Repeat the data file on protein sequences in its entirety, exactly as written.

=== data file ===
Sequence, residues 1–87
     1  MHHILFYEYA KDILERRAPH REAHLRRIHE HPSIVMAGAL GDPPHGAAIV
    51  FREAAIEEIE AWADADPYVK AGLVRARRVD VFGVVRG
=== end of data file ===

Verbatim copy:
Sequence, residues 1–87
     1  MHHILFYEYA KDILERRAPH REAHLRRIHE HPSIVMAGAL GDPPHGAAIV
    51  FREAAIEEIE AWADADPYVK AGLVRARRVD VFGVVRG